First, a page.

People who work at the Anne Frank House talk about their experiences. Jaap Tanja writes about his book on antisemitism.

New book on antisemitism

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In the last decades of the twentieth century, life was somewhat less complicated. Antisemitism was a phenomenon limited to skinheads in bomber jackets, other neo-Nazis, and a handful of radical right-wing politicians who dared to assert that things like the gas chambers were merely a "detail" of World War II.

In short, antisemitism was mainly expressed by right-wing extremists, and could be attributed almost exclusively to right-wing nationalist political movements. People active on the left wing of the political spectrum harbored no ideological anti-Jewish prejudices, or so it seemed. Antisemitism was right wing, while worrying about it, wanting to counter it, was left wing.


Nowadays, the political situation is almost reversed. Populist and nationalistic politicians in Europe that see the Islam or the Islamization as the greatest threat to the West, present themselves as a strong supporters of Israel—right or wrong—and regularly denounce the antisemitism in the Muslim world (...): "The more Islam, the greater the antisemitism."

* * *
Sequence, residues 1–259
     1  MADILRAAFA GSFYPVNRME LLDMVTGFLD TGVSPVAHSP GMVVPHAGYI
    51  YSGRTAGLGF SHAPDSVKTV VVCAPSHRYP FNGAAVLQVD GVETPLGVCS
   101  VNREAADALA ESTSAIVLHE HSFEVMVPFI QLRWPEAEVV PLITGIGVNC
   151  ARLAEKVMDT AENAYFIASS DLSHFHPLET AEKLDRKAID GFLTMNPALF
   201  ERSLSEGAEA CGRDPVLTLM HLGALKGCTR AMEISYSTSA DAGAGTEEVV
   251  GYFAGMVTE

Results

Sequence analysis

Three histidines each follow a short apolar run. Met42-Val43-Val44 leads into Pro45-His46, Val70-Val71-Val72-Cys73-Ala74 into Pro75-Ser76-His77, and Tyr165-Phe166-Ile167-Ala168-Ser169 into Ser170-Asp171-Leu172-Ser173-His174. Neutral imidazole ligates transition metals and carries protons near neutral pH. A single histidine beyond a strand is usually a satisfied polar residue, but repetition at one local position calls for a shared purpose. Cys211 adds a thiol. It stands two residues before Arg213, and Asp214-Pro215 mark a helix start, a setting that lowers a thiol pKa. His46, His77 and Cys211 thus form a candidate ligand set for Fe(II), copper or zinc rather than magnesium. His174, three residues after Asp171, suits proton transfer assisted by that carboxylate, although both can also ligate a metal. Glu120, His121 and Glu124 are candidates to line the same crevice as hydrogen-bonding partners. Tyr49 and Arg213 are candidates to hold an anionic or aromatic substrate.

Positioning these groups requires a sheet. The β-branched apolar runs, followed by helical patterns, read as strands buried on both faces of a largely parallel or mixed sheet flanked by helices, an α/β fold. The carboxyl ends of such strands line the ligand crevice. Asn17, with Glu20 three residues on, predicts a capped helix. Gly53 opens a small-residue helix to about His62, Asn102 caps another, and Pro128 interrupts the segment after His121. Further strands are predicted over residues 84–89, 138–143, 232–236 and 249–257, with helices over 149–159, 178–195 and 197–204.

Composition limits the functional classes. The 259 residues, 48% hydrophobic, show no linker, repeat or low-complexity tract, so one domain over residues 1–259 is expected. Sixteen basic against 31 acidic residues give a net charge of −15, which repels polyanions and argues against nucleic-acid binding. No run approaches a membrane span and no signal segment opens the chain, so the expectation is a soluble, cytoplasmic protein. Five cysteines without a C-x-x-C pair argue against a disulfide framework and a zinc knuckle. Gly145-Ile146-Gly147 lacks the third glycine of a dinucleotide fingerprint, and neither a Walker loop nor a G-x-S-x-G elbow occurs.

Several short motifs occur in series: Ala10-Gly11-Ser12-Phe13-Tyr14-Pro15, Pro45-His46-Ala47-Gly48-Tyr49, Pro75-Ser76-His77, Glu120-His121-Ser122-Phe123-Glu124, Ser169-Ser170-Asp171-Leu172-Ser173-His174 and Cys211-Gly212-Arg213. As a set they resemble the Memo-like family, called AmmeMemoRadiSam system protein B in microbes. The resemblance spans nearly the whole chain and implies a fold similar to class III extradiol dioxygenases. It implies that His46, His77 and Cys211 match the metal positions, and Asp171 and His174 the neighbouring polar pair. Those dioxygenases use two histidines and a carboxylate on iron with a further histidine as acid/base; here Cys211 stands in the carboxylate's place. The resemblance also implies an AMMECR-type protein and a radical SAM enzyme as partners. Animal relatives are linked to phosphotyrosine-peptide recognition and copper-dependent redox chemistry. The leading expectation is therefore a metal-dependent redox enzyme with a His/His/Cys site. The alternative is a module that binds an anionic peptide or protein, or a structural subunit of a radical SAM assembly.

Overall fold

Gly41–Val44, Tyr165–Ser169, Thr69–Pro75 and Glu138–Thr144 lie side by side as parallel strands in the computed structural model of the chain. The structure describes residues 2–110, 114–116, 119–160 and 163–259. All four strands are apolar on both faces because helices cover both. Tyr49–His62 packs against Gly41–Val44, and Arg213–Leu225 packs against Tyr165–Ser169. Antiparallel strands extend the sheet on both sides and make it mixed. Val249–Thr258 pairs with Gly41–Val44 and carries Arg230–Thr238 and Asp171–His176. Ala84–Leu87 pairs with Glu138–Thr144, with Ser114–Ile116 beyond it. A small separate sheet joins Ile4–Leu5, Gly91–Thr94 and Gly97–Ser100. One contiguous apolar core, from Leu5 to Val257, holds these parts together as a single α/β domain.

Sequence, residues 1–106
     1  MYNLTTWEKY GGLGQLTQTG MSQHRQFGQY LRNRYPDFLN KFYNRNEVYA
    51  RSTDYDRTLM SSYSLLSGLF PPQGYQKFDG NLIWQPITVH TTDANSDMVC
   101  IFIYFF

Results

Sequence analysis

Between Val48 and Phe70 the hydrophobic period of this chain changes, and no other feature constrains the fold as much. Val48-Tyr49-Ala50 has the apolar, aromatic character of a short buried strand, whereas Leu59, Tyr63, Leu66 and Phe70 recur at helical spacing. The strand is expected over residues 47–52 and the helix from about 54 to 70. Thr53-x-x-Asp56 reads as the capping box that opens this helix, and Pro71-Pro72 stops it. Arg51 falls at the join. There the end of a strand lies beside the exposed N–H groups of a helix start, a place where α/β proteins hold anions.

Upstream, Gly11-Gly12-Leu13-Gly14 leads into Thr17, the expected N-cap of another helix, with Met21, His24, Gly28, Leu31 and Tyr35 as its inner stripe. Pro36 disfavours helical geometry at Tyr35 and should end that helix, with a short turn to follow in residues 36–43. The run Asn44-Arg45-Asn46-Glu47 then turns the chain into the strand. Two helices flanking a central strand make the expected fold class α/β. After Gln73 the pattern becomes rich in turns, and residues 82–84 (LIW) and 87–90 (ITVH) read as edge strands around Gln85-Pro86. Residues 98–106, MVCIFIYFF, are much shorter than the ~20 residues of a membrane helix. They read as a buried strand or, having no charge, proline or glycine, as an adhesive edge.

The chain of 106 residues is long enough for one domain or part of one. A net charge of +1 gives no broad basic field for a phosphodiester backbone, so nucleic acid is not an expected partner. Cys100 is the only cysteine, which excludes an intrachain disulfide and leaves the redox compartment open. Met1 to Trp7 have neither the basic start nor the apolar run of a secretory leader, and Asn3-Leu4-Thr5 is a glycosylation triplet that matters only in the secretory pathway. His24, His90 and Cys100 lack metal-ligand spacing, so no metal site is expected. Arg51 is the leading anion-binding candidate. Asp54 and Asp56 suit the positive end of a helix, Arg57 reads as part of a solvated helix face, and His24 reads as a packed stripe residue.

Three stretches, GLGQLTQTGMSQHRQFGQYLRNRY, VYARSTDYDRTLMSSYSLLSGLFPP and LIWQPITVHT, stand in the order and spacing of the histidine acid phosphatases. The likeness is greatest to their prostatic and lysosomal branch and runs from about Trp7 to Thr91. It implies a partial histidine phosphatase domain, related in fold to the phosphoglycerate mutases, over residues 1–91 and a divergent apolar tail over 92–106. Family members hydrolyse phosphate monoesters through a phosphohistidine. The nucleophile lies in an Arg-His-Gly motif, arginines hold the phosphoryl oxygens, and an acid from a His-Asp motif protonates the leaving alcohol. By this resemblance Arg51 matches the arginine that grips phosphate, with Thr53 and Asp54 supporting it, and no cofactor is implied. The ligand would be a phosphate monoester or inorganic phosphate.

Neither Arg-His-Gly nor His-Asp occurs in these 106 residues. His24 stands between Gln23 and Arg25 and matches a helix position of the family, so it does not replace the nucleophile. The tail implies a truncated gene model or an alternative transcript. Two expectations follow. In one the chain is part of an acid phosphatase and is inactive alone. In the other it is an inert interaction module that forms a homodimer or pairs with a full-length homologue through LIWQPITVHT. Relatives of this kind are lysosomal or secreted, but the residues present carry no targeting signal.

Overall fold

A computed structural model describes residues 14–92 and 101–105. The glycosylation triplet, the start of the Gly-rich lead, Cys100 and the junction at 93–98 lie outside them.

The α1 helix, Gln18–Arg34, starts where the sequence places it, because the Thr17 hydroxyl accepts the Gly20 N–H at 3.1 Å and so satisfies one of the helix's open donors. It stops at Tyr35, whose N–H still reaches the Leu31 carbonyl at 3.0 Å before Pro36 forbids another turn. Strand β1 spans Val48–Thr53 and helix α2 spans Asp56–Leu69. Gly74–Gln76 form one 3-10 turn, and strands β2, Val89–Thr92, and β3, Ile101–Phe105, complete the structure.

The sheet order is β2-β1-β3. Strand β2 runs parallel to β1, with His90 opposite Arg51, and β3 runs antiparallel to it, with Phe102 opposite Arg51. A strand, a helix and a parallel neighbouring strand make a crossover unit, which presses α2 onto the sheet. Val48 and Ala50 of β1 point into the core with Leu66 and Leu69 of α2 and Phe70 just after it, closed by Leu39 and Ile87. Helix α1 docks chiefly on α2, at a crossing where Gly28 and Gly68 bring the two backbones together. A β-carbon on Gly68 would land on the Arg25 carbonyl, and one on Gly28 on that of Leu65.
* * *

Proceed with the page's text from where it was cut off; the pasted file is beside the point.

A metamorphosis also seems to have taken place on the left of the political spectrum: liberal thinkers and left-wing politicians at times express their sympathies for the Palestinian cause not only by criticizing Israel's political policies, but also on occasion by stereotyping Jews. This often makes having an objective debate about antisemitism nearly impossible. Discussions often degenerate into political squabbling between the left and the right.

It is common practice in some circles of politics to label any and all criticism of Israel as antisemitic, and in addition to solely focus on the anti-Jewish sentiments expressed by Muslims.

Others, however, trivialize or—more often—ignore antisemitism for political reasons in not only their own circle, but other circles as well. An objective and legitimate discussion cannot possibly take place if such an attitude is motivated by political opportunism. And when the debate or discussion continues to be biased, this could very well lead to the concept of antisemitism being either downgraded or overrated.

The answer to the question of whether countering antisemitism is "left" or " right", is clear; it is neither. The debate about antisemitism should not be politicized; countering antisemitism should be everyone's concern.

From: Antisemitism. Past and Present. Published by the Anne Frank House, Amsterdam, in cooperation with Boom Publishers, July 2016. Author: Jaap Tanja (Anne Frank House). Paperback, 148 pages with more than 50 fullcolour illustrations. Price: € 14,95.

Available in the bookshop